Painted coating performance
Retaining the color and resisting degradation from ultraviolet (UV) radiation are notable performance strengths of high-performance architectural painted coatings on aluminum wall cladding systems. Paint also protects and maintains the structural integrity of the aluminum and withstands salt-spray.
To ensure optimal performance of coated aluminum, reputable finishing service providers, and product manufacturers follow the American Architectural Manufacturers Association (AAMA) voluntary specifications. The specification series, most recently updated in 2017, is known by its document numbers:
- AAMA 2603, Voluntary Specification, Performance Requirements and Test Procedures for Pigmented Organic Coatings on Aluminum Extrusions and Panels (with Coil Coating Appendix);
- AAMA 2604, Voluntary Specification, Performance Requirements and Test Procedures for High Performance Organic Coatings on Aluminum Extrusions and Panels (with Coil Coating Appendix); and
- AAMA 2605, Voluntary Specification, Performance Requirements and Test Procedures for Superior Performing Organic Coatings on Aluminum Extrusions and Panels (with Coil Coating Appendix).
AAMA 2603: Typical for interior specifications
Required to show only ‘slight’ fade and chalking after one year, AAMA 2603 has no specifications for gloss retention and erosion resistance. Baked enamel (acrylic/polyester) paints should meet AAMA 2603. These painted finishes are less expensive than PVDF resin-based coatings, but have poor resistance to color fading and chalking. Baked enamel coatings are harder than PVDF and can be used for interior applications where color retention is not required.
AAMA 2604: An ‘intermediate’ specification
AAMA 2604 specifications are more demanding than AAMA 2603. For a finish to qualify, five years after its application the color must have faded no more than five delta E (Hunter), the chalking will be no higher than eight, the finish still retain 30 percent of its gloss and no more than 10 percent of it has eroded (Chalking is measured in accordance with the procedures explained in ASTM D4214, Standard Test Methods for Evaluating the Degree of Chalking of Exterior Paint Films). This finish will provide good color and gloss retention. It also will offer good hardness and abrasion resistance. Painted finishes meeting this specification typically are 50 percent PVDF resin-based coatings and are commonly applied on aluminum storefront framing, entrances, or other high-traffic areas.
AAMA 2605: The specification for high-performance building exteriors
The highest-performing organic paint coatings meet AAMA 2605, Voluntary Specification, Performance Requirements, and Test Procedures for Superior-performing Organic Coatings on Aluminum Extrusions and Panels. Ten years after it has been applied, an AAMA 2605 paint will have faded no more than five delta E, the chalking will be no higher than eight, at least 50 percent of its gloss will still be retained and only 10 percent of the film will have eroded. These finishes exhibit outstanding resistance to humidity, color change, chalk, gloss loss, and chemicals. Painted finishes meeting this specification typically are 70 percent PVDF resin-based coatings.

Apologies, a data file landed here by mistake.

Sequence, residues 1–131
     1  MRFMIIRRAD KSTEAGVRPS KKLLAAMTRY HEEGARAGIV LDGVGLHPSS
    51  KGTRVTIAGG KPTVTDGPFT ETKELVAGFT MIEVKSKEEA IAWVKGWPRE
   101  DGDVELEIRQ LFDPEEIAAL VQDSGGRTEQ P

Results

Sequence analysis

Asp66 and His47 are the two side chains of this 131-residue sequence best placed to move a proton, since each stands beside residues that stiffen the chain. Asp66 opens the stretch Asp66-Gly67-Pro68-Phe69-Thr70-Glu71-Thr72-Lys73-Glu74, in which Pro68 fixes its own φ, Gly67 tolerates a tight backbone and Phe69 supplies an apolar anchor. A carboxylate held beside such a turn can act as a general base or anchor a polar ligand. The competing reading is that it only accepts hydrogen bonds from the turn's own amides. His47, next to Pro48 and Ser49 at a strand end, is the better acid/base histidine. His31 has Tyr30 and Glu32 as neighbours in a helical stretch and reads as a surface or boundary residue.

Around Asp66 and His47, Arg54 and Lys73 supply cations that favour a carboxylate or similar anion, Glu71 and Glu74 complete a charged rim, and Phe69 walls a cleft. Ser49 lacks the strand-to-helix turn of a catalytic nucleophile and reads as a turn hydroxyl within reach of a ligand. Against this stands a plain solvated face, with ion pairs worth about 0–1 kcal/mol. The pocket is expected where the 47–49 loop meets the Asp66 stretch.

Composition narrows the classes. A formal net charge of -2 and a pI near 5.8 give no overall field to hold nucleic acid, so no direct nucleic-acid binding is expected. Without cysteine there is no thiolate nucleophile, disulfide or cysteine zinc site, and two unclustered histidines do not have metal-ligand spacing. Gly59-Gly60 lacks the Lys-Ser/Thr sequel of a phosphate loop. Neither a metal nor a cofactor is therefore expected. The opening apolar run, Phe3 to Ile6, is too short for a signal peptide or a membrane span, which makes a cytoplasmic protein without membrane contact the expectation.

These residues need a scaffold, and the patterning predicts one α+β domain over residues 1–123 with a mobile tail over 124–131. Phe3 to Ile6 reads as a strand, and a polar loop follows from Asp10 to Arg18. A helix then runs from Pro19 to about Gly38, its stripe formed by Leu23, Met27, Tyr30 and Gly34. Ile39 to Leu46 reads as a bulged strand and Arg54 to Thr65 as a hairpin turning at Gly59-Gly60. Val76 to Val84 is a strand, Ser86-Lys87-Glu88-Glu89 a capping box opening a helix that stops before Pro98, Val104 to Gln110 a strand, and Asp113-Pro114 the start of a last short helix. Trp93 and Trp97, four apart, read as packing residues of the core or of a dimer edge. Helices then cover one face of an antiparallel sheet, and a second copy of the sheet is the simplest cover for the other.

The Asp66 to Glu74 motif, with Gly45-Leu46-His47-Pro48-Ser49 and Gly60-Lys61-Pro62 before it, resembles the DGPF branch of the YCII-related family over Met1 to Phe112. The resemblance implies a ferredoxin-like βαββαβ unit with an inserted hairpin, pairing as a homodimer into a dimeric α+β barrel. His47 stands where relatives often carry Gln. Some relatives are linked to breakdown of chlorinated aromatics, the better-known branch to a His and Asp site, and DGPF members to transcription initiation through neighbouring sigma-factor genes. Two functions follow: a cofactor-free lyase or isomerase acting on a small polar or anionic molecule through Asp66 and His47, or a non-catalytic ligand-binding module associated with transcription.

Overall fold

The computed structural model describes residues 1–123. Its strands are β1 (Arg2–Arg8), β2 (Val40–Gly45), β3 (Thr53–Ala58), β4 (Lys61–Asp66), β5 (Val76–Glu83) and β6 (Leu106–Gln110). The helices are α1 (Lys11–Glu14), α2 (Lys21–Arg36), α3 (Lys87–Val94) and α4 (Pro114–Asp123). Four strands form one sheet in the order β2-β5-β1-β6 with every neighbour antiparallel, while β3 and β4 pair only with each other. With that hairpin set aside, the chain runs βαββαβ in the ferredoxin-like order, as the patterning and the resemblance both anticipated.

Regardless of specification, all coatings should be visibly free from flow lines, streaks, blisters, or other surface imperfections in the dry-film state on exposed surfaces when observed at a distance of 3 m (10 ft) from the metal surface and inspected at an angle of 90 degrees to the surface.
Painted finishes for aluminum wall cladding installed on building exteriors are typically specified to meet AAMA 2605. For interior wall cladding applications, AAMA 2604 or 2603 may provide an acceptable performance specification.
|Decreasing the number of touchpoints often increases the clarity of communication and the opportunity for success. There are a few finishing service providers in the United States that are able to offer a single-source solution for aluminum wall cladding and other architectural products. Beyond offering both painted and anodized finishing services, some of these companies offer value-added services, such as:
Anodize process and performance
Unlike architectural coatings, anodizing is an integral part of the aluminum substrate. The anodizing process produces an oxide film that is uniform, hard, and protects the aluminum substrate from deterioration—providing excellent wear and abrasion resistance. Anodized finish is durable and the hardness of the surface is comparable to a sapphire, the second-hardest substance on earth. This characteristic makes anodizing sulfate for aluminum wall cladding systems—both on the exterior, where finishes must withstand continuous exposure to weather and pollution, and on the interior, where finishes must hold up to constant wear and tear by the people within the buildings.
AAMA 611, Voluntary Specification for Anodized Architectural Aluminum, provides the industry standard for Class I anodic finishes. Finishes meeting or exceeding all requirements of this standard are shown to resist the ravages of time, temperature, corrosion, humidity, and warping.
To meet AAMA 611 requirements, Class I anodize must have a minimum dry film thickness (DFT) of 18 μm (0.7 mils) and should also pass the following stringent guidelines.